Technically, I could go into the office. The problem is that no one else is going into the office, so I would be talking to my coworkers on the phone anyway, so why not just stay home.
Trying to conduct group discussions on a conference call is difficult. It is even harder to try to get to consensus on an issue.
This morning we were trying to develop mitigation steps for a known risk in real time. Everyone was talking at once, many were saying the same thing, people were getting pissed. Some of us are more willing to accept a higher risk profile, others are completely risk averse.
I tend toward action, particularly when it comes to developing and shipping products. Over the years I have learned that a development team will sit on a product long after it could have been shipped. They think that something isn’t quite right, or could be tweaked a little more, or the feature set isn’t quite right.
Just ship the God damned thing and let the customers bitch about shit that doesn’t work.
It’s like people bitching about Microsoft.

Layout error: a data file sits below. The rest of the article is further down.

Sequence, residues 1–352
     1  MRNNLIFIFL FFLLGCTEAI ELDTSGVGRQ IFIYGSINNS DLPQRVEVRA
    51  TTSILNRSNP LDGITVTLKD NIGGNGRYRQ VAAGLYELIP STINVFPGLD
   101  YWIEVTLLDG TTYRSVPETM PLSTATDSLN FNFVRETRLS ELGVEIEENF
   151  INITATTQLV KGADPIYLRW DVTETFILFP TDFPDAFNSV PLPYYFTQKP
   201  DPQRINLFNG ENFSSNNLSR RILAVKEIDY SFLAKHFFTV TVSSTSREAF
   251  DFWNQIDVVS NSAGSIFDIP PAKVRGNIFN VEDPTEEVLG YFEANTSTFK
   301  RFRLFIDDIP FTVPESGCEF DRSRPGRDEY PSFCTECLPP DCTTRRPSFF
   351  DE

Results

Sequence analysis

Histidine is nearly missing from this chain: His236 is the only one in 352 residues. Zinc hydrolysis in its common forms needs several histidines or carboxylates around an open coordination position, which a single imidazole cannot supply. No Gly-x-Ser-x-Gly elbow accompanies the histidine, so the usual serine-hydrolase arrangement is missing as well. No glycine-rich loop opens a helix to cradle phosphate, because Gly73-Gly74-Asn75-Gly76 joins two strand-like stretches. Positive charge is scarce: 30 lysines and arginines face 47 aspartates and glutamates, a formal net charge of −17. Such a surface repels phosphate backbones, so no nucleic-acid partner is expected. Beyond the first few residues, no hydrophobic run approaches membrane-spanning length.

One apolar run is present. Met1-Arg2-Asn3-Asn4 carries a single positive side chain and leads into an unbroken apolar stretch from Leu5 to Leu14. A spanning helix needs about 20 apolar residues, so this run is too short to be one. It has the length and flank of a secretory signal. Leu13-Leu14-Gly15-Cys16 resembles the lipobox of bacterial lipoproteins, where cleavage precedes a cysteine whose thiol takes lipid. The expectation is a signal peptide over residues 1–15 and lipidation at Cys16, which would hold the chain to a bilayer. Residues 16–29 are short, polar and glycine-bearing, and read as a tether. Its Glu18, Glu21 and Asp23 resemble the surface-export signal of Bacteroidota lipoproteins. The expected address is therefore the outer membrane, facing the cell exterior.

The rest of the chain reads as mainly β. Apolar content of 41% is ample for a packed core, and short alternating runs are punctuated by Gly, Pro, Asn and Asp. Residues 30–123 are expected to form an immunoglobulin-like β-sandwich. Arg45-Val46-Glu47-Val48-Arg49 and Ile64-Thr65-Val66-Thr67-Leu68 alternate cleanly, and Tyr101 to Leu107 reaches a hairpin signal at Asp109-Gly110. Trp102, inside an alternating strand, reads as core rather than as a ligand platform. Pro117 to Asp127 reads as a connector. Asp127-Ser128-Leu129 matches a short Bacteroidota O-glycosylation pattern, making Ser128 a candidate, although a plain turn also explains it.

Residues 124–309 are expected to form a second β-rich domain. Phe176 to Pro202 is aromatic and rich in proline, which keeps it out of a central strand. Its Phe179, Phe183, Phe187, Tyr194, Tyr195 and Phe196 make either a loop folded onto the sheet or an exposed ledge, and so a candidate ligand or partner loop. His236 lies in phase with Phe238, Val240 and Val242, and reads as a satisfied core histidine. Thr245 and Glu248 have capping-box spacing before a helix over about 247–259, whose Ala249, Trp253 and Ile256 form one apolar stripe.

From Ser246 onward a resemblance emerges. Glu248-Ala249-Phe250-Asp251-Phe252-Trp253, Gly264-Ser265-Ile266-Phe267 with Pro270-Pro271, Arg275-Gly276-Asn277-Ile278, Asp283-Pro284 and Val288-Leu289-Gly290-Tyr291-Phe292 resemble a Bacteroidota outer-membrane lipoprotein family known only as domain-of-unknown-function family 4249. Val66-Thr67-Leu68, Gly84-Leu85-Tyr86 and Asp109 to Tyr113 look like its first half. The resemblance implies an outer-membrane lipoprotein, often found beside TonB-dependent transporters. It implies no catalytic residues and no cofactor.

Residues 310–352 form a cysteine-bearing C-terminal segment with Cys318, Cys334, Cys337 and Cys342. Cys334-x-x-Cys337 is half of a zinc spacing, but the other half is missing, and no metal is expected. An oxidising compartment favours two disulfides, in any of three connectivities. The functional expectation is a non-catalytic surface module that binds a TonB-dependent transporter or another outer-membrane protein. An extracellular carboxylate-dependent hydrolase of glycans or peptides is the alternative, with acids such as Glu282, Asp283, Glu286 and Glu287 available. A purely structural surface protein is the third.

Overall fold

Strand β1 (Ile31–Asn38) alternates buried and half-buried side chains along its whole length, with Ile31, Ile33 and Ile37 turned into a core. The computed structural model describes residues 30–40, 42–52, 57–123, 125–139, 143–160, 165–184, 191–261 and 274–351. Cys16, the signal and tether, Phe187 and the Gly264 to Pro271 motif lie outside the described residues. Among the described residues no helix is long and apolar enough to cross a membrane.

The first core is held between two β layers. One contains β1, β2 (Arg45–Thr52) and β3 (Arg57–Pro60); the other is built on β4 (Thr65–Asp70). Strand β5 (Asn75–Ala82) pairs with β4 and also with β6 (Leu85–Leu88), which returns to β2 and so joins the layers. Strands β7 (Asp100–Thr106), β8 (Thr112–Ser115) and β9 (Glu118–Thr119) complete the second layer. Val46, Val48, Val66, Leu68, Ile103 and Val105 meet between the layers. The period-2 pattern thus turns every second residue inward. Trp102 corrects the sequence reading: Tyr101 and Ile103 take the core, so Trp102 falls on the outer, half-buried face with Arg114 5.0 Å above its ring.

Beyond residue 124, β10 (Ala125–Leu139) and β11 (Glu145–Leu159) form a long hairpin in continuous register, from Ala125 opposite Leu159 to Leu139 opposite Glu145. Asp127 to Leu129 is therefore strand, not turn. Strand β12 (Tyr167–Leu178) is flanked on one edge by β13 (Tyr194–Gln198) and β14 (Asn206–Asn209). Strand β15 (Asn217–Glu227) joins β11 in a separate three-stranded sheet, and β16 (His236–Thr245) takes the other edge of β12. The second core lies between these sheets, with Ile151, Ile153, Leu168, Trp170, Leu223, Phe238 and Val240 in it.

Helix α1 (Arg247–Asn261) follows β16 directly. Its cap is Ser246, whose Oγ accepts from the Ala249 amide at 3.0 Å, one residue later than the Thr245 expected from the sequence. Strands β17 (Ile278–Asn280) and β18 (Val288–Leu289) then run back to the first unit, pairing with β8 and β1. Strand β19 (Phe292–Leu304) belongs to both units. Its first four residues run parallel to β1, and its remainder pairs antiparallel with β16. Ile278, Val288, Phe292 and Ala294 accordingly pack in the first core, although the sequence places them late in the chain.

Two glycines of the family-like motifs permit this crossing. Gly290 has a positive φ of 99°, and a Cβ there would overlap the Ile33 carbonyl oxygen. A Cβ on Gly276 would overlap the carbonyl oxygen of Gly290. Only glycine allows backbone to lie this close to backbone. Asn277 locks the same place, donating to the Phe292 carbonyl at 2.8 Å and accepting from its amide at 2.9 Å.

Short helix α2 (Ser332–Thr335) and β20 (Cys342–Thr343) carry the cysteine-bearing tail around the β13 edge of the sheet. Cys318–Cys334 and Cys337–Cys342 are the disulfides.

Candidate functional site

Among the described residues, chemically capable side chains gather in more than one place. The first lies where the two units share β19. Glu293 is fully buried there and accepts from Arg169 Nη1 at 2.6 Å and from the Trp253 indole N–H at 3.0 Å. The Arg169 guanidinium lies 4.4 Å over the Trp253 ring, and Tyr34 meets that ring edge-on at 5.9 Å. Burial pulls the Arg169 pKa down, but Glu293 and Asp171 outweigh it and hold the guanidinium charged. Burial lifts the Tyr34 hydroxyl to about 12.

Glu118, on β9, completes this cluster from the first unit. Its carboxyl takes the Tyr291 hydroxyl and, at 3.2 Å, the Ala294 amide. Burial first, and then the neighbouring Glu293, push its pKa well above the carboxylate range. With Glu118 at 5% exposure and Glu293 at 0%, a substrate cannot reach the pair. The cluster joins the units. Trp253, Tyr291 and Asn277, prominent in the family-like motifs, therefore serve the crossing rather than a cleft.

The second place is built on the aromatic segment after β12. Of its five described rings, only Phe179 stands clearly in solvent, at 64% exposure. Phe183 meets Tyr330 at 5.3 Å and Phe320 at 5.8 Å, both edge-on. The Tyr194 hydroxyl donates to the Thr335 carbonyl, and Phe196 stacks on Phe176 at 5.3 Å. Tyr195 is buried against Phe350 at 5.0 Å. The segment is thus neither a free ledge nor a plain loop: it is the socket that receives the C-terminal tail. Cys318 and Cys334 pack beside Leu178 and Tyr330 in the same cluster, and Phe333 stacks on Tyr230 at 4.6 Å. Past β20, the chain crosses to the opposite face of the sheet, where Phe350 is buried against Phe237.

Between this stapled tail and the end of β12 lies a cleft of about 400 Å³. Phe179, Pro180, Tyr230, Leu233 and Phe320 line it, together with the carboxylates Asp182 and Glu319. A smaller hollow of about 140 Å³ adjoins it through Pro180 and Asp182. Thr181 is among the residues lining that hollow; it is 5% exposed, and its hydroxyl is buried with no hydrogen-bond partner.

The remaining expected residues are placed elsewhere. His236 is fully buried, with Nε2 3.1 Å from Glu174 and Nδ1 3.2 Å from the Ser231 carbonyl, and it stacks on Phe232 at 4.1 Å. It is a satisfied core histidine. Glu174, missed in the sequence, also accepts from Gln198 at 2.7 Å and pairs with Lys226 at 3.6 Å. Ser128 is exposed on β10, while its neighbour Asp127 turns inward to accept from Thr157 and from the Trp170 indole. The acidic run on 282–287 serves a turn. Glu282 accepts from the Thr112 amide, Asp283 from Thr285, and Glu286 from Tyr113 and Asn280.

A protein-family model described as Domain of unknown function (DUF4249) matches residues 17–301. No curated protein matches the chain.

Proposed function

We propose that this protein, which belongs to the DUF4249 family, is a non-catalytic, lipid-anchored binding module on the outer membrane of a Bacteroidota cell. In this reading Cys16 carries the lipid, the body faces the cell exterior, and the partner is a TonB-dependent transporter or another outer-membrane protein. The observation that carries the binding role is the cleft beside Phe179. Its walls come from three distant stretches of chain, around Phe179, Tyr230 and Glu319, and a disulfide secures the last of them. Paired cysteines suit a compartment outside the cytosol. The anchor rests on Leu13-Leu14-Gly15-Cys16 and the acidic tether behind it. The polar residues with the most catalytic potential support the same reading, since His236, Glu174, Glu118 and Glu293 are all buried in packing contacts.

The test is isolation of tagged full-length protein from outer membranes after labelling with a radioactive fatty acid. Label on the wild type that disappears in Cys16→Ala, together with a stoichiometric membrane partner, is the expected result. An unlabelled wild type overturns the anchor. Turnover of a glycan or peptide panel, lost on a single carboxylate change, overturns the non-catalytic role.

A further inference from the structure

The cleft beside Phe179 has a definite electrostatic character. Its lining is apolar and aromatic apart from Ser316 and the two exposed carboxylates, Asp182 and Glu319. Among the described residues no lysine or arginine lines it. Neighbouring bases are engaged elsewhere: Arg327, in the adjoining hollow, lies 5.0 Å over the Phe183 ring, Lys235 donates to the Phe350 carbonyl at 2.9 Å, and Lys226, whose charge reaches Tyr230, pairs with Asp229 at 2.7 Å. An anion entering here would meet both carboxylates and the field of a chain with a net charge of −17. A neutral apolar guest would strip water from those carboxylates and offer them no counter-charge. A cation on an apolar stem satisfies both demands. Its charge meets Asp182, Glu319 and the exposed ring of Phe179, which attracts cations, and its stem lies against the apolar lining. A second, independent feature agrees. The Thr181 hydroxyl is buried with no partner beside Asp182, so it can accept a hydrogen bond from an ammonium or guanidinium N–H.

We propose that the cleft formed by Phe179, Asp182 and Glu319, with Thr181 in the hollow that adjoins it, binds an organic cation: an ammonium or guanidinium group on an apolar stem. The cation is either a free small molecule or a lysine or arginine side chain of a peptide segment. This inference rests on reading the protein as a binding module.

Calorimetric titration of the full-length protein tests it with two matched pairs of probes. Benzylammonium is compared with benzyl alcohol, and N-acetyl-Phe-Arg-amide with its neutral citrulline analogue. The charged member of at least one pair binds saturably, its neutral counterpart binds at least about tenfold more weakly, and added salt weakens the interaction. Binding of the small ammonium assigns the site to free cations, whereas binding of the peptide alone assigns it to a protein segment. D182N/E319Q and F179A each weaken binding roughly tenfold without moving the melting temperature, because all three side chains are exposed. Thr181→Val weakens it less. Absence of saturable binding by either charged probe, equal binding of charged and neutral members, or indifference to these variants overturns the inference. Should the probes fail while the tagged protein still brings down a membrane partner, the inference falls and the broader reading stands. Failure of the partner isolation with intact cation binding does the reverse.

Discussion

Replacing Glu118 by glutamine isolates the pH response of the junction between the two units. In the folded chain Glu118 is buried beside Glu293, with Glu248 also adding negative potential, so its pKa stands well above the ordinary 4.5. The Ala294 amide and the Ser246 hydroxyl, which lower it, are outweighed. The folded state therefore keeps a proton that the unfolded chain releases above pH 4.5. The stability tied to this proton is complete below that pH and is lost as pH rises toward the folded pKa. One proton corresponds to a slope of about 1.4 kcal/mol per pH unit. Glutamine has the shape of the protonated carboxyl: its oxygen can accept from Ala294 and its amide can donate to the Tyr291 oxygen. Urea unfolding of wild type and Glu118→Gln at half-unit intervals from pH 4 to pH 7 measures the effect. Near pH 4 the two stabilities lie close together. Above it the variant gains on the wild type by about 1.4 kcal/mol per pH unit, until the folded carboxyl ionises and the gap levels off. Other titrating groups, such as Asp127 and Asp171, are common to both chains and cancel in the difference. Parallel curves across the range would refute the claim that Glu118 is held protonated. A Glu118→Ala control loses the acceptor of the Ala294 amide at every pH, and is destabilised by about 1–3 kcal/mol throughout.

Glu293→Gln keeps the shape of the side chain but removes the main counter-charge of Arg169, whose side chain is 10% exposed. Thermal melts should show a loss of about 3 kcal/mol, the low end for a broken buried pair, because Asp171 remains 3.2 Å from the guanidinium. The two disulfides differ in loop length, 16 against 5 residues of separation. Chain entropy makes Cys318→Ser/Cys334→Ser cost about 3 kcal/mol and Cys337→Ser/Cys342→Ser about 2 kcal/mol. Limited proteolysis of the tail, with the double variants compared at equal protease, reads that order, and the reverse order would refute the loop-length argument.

“Oh, this so-and-so doesn’t work, typical Microsoft garbage. Am I right?”
No. You’re wrong.
Microsoft is huge. They pump patches at least every Tuesday. If something is broken, they fix it. If enough users ask for the same thing, it might eventually make it into a build.
Someone at Microsoft knows what they are doing. They kick ass and deliver products.
You want to know the best way to not get anything done?
Here is a list:
- Surround yourself with people that have never worked remotely.
- Don’t assign a leader.
- If a leader seems be naturally emerging from the pack, shut them down by assigning them degrading tasks.
- Never delegate any tasking, keep all tasks close hold, and make people guess about what they should be doing.
- Wring your hands over every minor decision, especially the ones that have no impact on outcomes.
- Don’t set milestones or hard delivery dates.
- Fail to communicate objectives to your team.
That should just about do it.